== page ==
Thunder Bay Is Ravaged By The Opioid Crisis And Waiting For An Overdose Prevention Site


Thunder Bay’s rate of overdose deaths is reportedly double the provincial average. Although Ontario as a whole has not been hit as hard by the overdose fatalities which are primarily driven by the rise of fentanyl and carfentanil in the drug supply as British Columbia or Alberta, Thunder Bay, Ont., is a disturbing exception.

According to the Ontario’s chief coroner, the city and its surrounding area had twice the rate of deaths by overdose in 2017 (18 per 100,000 people) as the provincial average (8.9 per 100,000).

Public health officials and the police say that there are a few factors that could make Thunder Bay vulnerable and these include limited access to health and social services, high rates of emotional trauma and more among the large indigenous population that lead to addiction and high rates of poverty.

It also seems that the city is targeted by gangs from Toronto and Ottawa due to its remote location because this means that they can sell drugs at a higher price on the street.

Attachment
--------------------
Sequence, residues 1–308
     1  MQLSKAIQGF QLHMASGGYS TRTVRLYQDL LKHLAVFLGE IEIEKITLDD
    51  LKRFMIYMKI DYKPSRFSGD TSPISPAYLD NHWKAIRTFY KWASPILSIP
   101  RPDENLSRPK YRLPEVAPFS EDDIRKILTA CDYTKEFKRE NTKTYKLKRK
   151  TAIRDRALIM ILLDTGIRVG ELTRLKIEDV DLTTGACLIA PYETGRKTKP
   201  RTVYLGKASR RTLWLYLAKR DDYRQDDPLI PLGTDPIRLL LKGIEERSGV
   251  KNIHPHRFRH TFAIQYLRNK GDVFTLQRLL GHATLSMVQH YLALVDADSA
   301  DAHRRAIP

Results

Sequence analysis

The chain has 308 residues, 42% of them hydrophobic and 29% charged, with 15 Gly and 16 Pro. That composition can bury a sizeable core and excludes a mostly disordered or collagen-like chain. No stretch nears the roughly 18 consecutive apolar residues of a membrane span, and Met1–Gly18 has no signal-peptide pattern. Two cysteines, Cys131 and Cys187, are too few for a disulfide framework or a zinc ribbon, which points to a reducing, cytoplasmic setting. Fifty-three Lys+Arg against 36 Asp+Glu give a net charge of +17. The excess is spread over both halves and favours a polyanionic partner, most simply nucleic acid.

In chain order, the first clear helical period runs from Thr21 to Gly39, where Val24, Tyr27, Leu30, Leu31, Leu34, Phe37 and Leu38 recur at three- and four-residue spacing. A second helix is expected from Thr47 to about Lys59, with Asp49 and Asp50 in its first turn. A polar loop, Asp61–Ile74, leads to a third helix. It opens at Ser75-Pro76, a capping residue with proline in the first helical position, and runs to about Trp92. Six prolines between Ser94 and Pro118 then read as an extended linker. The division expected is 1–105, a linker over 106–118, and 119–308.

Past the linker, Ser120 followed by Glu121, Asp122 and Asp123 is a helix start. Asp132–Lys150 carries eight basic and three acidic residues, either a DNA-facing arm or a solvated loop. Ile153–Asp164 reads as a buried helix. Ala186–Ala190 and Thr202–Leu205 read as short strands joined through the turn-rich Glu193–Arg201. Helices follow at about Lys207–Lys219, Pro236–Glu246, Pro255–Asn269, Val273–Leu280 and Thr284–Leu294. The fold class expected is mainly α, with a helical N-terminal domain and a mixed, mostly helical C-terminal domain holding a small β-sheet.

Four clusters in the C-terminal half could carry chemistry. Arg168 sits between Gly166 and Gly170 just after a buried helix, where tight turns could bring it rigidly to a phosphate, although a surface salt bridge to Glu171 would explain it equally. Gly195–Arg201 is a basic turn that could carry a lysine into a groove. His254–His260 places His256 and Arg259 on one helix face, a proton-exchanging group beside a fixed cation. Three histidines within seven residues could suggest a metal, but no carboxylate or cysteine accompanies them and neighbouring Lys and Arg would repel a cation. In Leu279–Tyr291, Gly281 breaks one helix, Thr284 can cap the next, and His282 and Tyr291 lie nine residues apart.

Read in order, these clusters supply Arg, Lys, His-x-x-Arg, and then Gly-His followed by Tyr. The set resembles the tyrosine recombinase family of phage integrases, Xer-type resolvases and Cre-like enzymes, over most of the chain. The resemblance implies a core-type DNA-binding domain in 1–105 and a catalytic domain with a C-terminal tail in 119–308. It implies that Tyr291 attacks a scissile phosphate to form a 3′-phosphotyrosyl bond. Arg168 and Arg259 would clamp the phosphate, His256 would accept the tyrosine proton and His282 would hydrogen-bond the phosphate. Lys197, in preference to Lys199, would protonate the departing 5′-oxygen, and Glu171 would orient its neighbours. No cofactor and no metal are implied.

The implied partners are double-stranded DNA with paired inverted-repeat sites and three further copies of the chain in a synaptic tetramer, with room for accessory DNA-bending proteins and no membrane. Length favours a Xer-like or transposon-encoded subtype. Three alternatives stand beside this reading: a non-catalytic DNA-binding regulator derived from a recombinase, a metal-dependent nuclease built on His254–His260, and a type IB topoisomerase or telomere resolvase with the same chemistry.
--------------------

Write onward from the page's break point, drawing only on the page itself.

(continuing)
The opioid crisis is getting worse

This whole situation is not showing improvement signs at all. For instance, between January and August this year, paramedics have responded to over 173 overdoses and here are included only the people who have called for an ambulance.

It’s also almost double the total number of calls from last year, with four more months to go this year.

“In the 20 years that I’ve been a nurse in Thunder Bay I’ve never seen a problem this bad,” said Tannice Fletcher-Stackhouse, a nurse practitioner at NorWest Community Health Centres.

She’s in a team working at a “rapid response addiction medicine” clinic that opened a few months ago at NorWest’s south-end Thunder Bay location. This is an area where there is rampant drug activity.

Currently, the Ontario government is committed to fighting the opioid crisis by all means.


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